Syncona is an unusual investment trust that invests in promising privately held biotech companies. It should be a core holding in any portfolio, says David Stevenson.
Investors in the biotech sector have had a tough time over the last year. High valuations and concern over regulators and politicians attempting to lower drug prices have hit the Nasdaq Biotech index, which contains 220 companies. This benchmark has fallen by 11.39% over the last 12 months, compared with a gain of 18.7% for the S&P 500 index.
The long-term growth story, however, remains compelling. An ageing society is demanding better, more targeted medicines and technology is rising to the occasion, as the genomics-led revolution in care shows. Big Pharma gets the story, which is why it's been buying into the sector for the last few years in order to replenish its portfolios.
Subscribe to MoneyWeek
Subscribe to MoneyWeek today and get your first six magazine issues absolutely FREE
The best way in
But listed businesses only represent a portion of the available biotech universe of businesses. Many of the most interesting firms are privately held, usually with venture-capital firms as investors. Few vehicles provide access to this sector.
In my view the core holding for biotech investors should be Syncona (LSE: SYNC). I've held shares in this fund for years and I recently topped up my holdings. I think it is by far the best way of accessing privately held biotech firms. Recent share-price weakness offers an excellent chance to get on board.
The Syncona story is unusual. It started out as an independent investment business trading within the Wellcome Trust. It then merged with a UK trust called BACIT (Battle against Cancer investment trust), which was running a multi-fund portfolio. The merged entity is in effect a world-leading life-sciences venture capitalist joined at the hip with a traditional multi-fund manager kicking off cash that can be reinvested in private businesses. Followers of the Warren Buffett approach to investing will spot a classic ploy use a cash float from a boring business to provide growth capital for equity investments.
A good eye for winners
Syncona passes this challenge easily. It's already produced two exits in its short listed life. Blue Earth Diagnostics, the prostate-cancer imaging company, was sold to Bracco Imaging in late June. The other was Nightstar Therapeutics, a Nasdaq-listed retinal gene-therapy company. Syncona made a tenfold and a 4.5-fold return on these two companies respectively. Since December 2016 Syncona's share price has risen by around 70%, while its net asset value (NAV) gained 38% in the year to April. After its recent deals, Syncona is flush with cash worth around £915m, or 70% of assets.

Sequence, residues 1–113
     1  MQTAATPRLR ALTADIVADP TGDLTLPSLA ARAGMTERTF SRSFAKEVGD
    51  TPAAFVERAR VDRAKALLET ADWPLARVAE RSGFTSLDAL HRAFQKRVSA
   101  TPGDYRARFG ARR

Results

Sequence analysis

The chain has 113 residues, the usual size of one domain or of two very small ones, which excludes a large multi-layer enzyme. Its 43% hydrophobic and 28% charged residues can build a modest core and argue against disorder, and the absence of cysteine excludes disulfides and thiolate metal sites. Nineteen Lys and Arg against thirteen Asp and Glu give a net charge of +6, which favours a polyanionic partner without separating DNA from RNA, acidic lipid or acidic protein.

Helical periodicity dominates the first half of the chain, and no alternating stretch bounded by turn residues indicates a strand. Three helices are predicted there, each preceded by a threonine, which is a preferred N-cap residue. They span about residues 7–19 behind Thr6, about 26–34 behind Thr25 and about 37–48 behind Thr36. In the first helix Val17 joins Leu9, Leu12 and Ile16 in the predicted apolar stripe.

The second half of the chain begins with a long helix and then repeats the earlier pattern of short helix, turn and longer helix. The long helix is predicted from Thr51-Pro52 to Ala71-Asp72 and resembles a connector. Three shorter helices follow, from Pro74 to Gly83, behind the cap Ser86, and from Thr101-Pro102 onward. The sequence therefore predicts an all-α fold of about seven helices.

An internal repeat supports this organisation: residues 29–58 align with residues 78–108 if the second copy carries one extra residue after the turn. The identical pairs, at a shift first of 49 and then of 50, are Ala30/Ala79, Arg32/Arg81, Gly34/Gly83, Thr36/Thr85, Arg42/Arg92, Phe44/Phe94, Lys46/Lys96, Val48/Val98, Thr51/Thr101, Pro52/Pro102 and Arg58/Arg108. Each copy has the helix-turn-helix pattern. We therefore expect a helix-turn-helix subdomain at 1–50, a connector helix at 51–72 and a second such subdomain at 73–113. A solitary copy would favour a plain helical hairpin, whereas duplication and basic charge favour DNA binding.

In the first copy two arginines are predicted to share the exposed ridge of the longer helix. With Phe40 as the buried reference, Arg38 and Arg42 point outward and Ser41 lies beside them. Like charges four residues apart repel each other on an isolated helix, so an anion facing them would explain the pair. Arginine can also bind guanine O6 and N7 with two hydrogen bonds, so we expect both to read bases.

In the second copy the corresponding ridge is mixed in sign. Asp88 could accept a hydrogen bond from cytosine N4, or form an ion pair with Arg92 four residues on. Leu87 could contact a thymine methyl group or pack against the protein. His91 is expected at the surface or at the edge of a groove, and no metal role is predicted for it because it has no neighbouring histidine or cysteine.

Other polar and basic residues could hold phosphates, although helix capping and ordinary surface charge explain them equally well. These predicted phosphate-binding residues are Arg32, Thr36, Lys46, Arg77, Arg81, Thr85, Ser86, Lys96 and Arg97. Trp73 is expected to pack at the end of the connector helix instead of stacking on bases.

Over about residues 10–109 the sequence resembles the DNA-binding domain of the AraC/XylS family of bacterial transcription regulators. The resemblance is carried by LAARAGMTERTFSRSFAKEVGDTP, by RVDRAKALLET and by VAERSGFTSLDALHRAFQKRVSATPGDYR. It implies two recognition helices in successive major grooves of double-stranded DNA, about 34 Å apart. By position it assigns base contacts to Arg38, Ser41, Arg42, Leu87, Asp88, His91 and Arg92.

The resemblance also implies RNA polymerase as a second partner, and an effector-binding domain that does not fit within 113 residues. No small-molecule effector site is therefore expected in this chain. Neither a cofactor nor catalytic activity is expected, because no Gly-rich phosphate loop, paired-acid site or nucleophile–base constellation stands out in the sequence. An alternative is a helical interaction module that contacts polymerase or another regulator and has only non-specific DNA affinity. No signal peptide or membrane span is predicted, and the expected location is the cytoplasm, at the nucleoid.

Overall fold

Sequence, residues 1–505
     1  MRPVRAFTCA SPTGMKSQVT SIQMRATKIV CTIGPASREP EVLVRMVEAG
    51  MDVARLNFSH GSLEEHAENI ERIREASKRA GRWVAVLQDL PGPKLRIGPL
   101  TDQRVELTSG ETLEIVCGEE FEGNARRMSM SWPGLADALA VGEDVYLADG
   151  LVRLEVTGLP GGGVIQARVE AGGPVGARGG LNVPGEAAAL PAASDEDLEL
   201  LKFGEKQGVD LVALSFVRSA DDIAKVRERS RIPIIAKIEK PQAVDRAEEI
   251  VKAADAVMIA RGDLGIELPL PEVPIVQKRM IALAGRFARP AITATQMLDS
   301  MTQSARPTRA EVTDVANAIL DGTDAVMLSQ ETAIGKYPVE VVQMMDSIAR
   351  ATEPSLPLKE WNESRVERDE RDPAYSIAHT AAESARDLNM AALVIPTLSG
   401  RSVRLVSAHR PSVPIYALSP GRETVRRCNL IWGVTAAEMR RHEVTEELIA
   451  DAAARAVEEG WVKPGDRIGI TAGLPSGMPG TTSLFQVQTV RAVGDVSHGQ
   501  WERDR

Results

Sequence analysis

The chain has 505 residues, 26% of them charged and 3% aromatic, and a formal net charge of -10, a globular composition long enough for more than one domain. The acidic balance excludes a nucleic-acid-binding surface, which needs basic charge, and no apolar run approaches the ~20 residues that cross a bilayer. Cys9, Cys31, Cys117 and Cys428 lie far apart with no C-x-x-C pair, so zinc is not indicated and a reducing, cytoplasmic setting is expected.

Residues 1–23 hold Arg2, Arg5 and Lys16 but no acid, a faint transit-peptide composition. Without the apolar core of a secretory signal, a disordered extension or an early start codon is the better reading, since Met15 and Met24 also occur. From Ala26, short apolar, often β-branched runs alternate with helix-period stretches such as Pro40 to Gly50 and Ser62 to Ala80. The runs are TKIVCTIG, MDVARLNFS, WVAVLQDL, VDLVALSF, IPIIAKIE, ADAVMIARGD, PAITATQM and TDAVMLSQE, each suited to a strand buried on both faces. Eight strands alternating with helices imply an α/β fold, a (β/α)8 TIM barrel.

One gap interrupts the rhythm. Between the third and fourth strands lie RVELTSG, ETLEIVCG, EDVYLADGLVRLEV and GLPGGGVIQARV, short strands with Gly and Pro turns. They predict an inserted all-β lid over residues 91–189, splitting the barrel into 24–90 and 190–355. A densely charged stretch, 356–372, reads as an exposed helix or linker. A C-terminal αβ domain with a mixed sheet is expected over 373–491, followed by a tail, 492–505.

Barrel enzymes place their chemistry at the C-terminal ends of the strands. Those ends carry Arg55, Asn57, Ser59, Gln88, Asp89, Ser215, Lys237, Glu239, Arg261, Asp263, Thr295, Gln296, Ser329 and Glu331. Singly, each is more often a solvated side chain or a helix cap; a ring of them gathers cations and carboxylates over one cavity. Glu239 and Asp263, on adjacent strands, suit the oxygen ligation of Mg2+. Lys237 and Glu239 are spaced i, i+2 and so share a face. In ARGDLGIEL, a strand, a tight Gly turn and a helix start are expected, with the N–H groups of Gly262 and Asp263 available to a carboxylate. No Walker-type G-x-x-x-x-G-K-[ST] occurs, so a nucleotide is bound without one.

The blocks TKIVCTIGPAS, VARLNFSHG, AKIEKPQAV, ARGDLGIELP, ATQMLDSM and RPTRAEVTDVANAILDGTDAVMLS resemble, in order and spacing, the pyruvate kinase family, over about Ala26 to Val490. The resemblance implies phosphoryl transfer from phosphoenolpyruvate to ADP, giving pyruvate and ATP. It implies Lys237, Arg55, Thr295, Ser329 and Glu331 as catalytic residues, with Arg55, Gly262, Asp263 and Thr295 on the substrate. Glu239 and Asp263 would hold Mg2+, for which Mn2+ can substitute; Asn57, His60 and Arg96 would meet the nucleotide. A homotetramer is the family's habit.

According to funds analysts at Numis, a stockbroker, this might act as a "drag on NAV growth in the near term, but leaves the business well-financed to support growth in its existing portfolio, as well as to support new initiatives".
We can certainly see that last point emerging at the portfolio level. Syncona has founded three new portfolio companies over the past year: OMass Therapeutics (drug discovery), Anaveon (immuno-oncology), and Quell Therapeutics (cell therapy).
A treatment for haemophilia
But not every business in its portfolio has had such good luck. One portfolio business called Autolus Therapeutics, which is a Nasdaq-listed company, has seen its share price fall 47% since April, driven lower in part by worries that co-investor Neil Woodford might sell stock to help with his own issues. It's not too difficult to see why investors might be wary. The portfolio has a young, risky feel to it. There's a mountain of cash that will need to be invested to make a return, probably at the rate of between £100m and £200m per annum. And investors have slightly soured on biotech firms more generally. As a result, Syncona's share price is down by 6.7% over the last six months. At approximately 245p a share, it is trading at roughly 20% above the NAV based on calculations from Numis. For a potential high-growth fund, that looks to me like a more than decent entry price.
David Stevenson has been writing the Financial Times Adventurous Investor column for nearly 15 years and is also a regular columnist for Citywire.
He writes his own widely read Adventurous Investor SubStack newsletter at davidstevenson.substack.com
David has also had a successful career as a media entrepreneur setting up the big European fintech news and event outfit www.altfi.com as well as www.etfstream.com in the asset management space.
Before that, he was a founding partner in the Rocket Science Group, a successful corporate comms business.
David has also written a number of books on investing, funds, ETFs, and stock picking and is currently a non-executive director on a number of stockmarket-listed funds including Gresham House Energy Storage and the Aurora Investment Trust.
In what remains of his spare time he is a presiding justice on the Southampton magistrates bench.
The 30 house price hotspots
While we have seen house prices sliding, these sought-after locations have seen prices jump by at least 5% over the previous 12 months
By John Fitzsimons Published
Working parents will be entitled to 15 hours free childcare for two-year-olds from next year
The government has extended free childcare hours to working parents of two-year olds but it won’t be automatic so make sure you don’t miss out
By Marc Shoffman Published